Micro-drones, tiny aerial vehicles, mainly used for surveillance, are now able to fly nearly as efficiently as hummingbirds.
Hummingbirds were compared to the tiny drones in a study aimed at determining the capabilities of the most modern mini-spy craft.
An international team of researchers examined several species of hummingbirds, finding those animals exhibited about 20 percent greater efficiency than today's best mini-drones. However, the artificial craft were nearly as efficient at flying as most of the birds.
"Hummingbirds are the only birds that can sustain hovering. This unique flight behaviour comes, however, at high energetic cost," researchers wrote in an article announcing their study.
Researchers from Stanford University, the Eindhoven University of Technology, the University of British Columbia, and Wageningen University in the Netherlands all took part in this study.
They carefully studied hummingbird wings from museum collections, trying to understand how efficiency compared to drag in the structures. The tiny wings were connected to a wing spinner, allowing researchers to measure the frequency and power needed for the tiny animals to hover. The amount of power needed for a hummingbird to stay aloft is fairly small; meaning the drag created by its wings had never before been accurately measured. Video recordings were also taken of hummingbirds in flight, to better understand their motion, as the wings flap up to 80 times each second.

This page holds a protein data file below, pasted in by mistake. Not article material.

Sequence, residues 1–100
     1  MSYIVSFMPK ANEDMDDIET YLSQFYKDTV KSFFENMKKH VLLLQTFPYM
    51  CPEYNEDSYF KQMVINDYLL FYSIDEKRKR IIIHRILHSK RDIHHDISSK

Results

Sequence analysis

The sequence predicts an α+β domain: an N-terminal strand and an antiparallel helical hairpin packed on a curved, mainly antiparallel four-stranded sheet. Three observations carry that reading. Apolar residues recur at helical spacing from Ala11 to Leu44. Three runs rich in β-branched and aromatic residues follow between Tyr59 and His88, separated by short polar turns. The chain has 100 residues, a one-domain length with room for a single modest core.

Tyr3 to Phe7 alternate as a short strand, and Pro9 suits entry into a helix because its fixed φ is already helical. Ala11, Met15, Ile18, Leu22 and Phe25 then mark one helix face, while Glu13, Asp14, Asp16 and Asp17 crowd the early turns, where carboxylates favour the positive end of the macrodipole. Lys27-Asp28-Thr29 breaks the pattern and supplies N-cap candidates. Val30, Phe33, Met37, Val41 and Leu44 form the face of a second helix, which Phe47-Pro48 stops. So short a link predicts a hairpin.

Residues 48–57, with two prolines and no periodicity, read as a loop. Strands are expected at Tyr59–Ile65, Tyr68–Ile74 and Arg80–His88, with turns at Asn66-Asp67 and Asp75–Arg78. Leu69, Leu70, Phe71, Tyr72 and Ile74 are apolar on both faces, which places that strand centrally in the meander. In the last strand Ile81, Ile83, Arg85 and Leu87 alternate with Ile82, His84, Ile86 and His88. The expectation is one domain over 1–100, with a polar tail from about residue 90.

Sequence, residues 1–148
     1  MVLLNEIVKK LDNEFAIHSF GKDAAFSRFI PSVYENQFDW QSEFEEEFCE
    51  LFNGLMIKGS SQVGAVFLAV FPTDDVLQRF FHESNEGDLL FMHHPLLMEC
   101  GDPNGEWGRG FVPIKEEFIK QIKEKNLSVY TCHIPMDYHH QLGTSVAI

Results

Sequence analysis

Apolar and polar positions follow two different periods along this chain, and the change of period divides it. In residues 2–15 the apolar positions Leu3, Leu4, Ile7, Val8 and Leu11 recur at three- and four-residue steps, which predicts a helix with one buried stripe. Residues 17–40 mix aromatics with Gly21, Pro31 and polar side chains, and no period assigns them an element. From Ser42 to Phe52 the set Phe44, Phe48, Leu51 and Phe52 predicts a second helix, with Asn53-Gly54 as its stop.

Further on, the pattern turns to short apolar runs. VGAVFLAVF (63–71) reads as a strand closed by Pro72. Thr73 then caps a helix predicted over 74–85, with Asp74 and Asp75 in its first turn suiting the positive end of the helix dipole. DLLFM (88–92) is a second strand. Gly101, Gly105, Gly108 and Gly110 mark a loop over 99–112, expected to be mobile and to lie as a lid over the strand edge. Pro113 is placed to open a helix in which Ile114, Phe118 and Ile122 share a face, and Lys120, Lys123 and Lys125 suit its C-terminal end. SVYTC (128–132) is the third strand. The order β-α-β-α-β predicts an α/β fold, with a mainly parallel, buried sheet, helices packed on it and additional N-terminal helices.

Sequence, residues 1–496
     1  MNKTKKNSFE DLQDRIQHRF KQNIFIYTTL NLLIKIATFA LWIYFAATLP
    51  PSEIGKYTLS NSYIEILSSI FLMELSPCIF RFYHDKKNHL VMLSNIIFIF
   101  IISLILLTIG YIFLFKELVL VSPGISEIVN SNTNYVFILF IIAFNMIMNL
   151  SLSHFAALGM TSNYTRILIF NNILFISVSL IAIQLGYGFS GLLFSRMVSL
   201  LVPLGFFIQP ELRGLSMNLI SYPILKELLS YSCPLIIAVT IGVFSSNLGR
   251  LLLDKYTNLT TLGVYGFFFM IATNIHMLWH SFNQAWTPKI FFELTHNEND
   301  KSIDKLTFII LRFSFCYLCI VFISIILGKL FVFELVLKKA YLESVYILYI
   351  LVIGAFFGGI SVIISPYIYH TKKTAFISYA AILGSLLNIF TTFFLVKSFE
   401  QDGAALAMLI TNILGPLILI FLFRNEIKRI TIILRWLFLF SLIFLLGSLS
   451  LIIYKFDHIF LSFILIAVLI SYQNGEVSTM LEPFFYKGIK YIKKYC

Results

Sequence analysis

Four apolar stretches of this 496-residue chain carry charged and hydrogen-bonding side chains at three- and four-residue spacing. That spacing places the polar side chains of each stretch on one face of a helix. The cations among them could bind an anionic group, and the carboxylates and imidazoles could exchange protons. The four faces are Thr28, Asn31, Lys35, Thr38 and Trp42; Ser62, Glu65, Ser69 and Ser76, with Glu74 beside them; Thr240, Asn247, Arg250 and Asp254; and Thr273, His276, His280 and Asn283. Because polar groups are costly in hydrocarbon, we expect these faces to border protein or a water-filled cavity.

This provided researchers with a way of understanding how upward lift is created by the wings, and how this compares to artificial structures. The Black Hornet, a tiny surveillance drone weighing just over half an ounce, was the mini-drone used as a subject in the research.
Anna's hummingbird was found to be the most efficient flier - eclipsing other species of the bird, as well as the miniature drone.
"This shows that if we design the wings well, we can build drones that hover as efficiently, if not more efficiently, as hummingbirds. But if we focus on aerodynamic efficiency, we are closer than we perhaps ever imagined possible," David Lentink, assistant professor of mechanical engineering at Stanford University, said.
Hummingbirds still have some flight advantages over mechanical drones. The tiny birds are better able to withstand wind gusts than the Black Hornet. They are also more adept at finding their way through a crowded field of objects, searching for a target.
"Studying hummingbird wing shapes can not only give insights into the biomechanics of animals, but the gained insights can also be used to build the next generation of flying micro robots," Mirko Kovac of the Imperial College London said.
Investigation of micro-drones and how their flight capabilities compare to hummingbirds was profiled in the journal Interface, published by The Royal Society.